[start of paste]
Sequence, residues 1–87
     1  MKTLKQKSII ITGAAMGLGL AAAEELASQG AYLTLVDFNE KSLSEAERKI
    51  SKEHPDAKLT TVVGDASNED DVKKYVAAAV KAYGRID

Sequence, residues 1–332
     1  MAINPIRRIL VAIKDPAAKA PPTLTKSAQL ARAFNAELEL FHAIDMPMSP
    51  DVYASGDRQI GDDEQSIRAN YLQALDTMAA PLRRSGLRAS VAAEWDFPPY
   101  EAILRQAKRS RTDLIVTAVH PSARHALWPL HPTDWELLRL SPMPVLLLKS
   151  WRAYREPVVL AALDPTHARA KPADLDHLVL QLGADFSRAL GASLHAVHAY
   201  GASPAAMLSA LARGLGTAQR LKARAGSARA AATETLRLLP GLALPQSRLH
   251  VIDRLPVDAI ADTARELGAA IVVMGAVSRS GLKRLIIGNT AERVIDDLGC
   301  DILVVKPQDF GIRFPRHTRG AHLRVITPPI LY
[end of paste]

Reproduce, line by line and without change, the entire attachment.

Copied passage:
Sequence, residues 1–87
     1  MKTLKQKSII ITGAAMGLGL AAAEELASQG AYLTLVDFNE KSLSEAERKI
    51  SKEHPDAKLT TVVGDASNED DVKKYVAAAV KAYGRID

Sequence, residues 1–332
     1  MAINPIRRIL VAIKDPAAKA PPTLTKSAQL ARAFNAELEL FHAIDMPMSP
    51  DVYASGDRQI GDDEQSIRAN YLQALDTMAA PLRRSGLRAS VAAEWDFPPY
   101  EAILRQAKRS RTDLIVTAVH PSARHALWPL HPTDWELLRL SPMPVLLLKS
   151  WRAYREPVVL AALDPTHARA KPADLDHLVL QLGADFSRAL GASLHAVHAY
   201  GASPAAMLSA LARGLGTAQR LKARAGSARA AATETLRLLP GLALPQSRLH
   251  VIDRLPVDAI ADTARELGAA IVVMGAVSRS GLKRLIIGNT AERVIDDLGC
   301  DILVVKPQDF GIRFPRHTRG AHLRVITPPI LY